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Anti-inflammatory activity of aqueous extract and bioactive compounds identified from the fruits of Hancornia speciosa Gomes (Apocynaceae)

  • Manoela Torres-Rêgo1,
  • Allanny Alves Furtado1,
  • Mariana Angélica Oliveira Bitencourt1,
  • Maira Conceição Jerônimo de Souza Lima1,
  • Rafael Caetano Lisbôa Castro de Andrade1,
  • Eduardo Pereira de Azevedo2,
  • Thaciane da Cunha Soares3,
  • José Carlos Tomaz4,
  • Norberto Peporine Lopes4,
  • Arnóbio Antônio da Silva-Júnior1,
  • Silvana Maria Zucolotto3 and
  • Matheus de Freitas Fernandes-Pedrosa1Email author
BMC Complementary and Alternative MedicineBMC series – open, inclusive and trusted201616:275

Received: 15 February 2016

Accepted: 3 August 2016

Published: 5 August 2016



Hancornia speciosa Gomes (Apocynaceae), popularly known as “mangabeira,” has been used in folk medicine to treat inflammatory disorders, hypertension, dermatitis, diabetes, liver diseases and gastric disorders. Although the ethnobotany indicates that its fruits can be used for the treatment of ulcers and inflammatory disorders, only few studies have been conducted to prove such biological activities. This study investigated the anti-inflammatory properties of the aqueous extract of the fruits of H. speciosa Gomes as well as its bioactive compounds using in vivo experimental models.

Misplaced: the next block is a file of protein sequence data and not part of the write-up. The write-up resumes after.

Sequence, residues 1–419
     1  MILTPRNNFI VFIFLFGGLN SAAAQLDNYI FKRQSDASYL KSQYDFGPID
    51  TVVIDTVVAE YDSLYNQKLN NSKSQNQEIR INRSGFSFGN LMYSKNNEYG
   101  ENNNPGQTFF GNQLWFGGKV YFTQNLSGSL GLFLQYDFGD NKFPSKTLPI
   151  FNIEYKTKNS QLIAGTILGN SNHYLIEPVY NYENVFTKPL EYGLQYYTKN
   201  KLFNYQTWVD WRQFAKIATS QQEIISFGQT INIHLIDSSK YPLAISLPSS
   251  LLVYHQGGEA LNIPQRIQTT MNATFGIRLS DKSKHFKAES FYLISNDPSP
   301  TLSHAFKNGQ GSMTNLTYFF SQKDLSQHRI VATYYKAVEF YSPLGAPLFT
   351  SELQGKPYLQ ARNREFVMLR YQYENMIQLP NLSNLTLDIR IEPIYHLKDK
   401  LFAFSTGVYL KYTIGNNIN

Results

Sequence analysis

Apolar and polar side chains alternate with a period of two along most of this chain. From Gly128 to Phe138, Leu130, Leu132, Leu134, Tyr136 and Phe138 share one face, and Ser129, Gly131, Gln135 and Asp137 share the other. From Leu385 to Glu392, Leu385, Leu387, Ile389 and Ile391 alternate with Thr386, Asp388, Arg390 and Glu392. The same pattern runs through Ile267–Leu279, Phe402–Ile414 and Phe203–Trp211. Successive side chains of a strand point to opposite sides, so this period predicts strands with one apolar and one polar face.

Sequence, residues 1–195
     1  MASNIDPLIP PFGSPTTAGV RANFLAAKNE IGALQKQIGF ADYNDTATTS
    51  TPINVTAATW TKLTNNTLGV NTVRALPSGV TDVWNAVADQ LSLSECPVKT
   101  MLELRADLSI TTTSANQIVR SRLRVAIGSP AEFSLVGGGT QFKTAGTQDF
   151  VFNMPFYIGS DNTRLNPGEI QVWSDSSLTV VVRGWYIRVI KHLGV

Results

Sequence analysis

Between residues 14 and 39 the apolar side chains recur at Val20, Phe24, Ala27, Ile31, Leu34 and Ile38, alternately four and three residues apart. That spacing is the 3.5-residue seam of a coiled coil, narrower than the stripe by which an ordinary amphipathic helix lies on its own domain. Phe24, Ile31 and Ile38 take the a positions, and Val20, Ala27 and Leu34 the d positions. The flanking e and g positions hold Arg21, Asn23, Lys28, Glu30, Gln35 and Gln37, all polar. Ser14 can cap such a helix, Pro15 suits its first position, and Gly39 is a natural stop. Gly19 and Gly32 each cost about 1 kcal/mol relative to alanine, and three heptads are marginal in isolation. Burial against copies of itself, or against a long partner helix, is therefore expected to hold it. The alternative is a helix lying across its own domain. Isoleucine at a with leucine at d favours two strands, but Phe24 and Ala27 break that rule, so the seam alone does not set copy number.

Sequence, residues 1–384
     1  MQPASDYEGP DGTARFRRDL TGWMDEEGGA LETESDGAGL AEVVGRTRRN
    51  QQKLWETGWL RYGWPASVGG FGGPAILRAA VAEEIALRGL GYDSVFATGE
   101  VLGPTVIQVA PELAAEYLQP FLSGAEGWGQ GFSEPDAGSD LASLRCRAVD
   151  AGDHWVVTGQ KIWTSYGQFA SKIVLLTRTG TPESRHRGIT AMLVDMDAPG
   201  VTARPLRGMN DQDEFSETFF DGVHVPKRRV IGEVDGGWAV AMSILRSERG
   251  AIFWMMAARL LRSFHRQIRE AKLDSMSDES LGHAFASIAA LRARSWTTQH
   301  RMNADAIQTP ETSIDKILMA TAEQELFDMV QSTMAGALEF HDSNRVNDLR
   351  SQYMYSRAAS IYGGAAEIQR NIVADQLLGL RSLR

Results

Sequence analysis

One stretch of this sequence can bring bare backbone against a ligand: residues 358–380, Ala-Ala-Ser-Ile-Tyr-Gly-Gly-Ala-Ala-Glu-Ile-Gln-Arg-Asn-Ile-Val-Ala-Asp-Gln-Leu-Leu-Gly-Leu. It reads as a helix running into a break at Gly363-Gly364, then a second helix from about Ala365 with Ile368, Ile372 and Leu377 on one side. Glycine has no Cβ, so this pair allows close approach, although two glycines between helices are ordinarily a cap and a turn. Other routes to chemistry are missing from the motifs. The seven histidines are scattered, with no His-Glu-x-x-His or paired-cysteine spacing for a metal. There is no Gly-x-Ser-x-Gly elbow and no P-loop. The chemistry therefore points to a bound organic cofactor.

The bioactive compounds were identified by High Performance Liquid Chromatography coupled with diode array detector (HPLC-DAD) and Liquid Chromatography coupled with Mass Spectrometry (LC-MS). The anti-inflammatory properties were investigated through in vivo tests, which comprised xylene-induced ear edema, carrageenan-induced peritonitis and zymosan-induced air pouch. The levels of IL-1β, IL-6, IL-12 and TNF-α were determined using ELISA.


Rutin and chlorogenic acid were identified in the extract as the main secondary metabolites. In addition, the extract as well as rutin and chlorogenic acid significantly inhibited the xilol-induced ear edema and also reduced the cell migration in both carrageenan-induced peritonitis and zymosan-induced air pouch models. Reduced levels of cytokines were also observed.


This is the first study that demonstrated the anti-inflammatory activity of the extract of H. speciosa fruits against different inflammatory agents in animal models, suggesting that its bioactive molecules, especially rutin and chlorogenic acid are, at least in part, responsible for such activity. These findings support the widespread use of Hancornia speciosa in popular medicine and demonstrate that its aqueous extract has therapeutical potential for the development of herbal drugs with anti-inflammatory properties.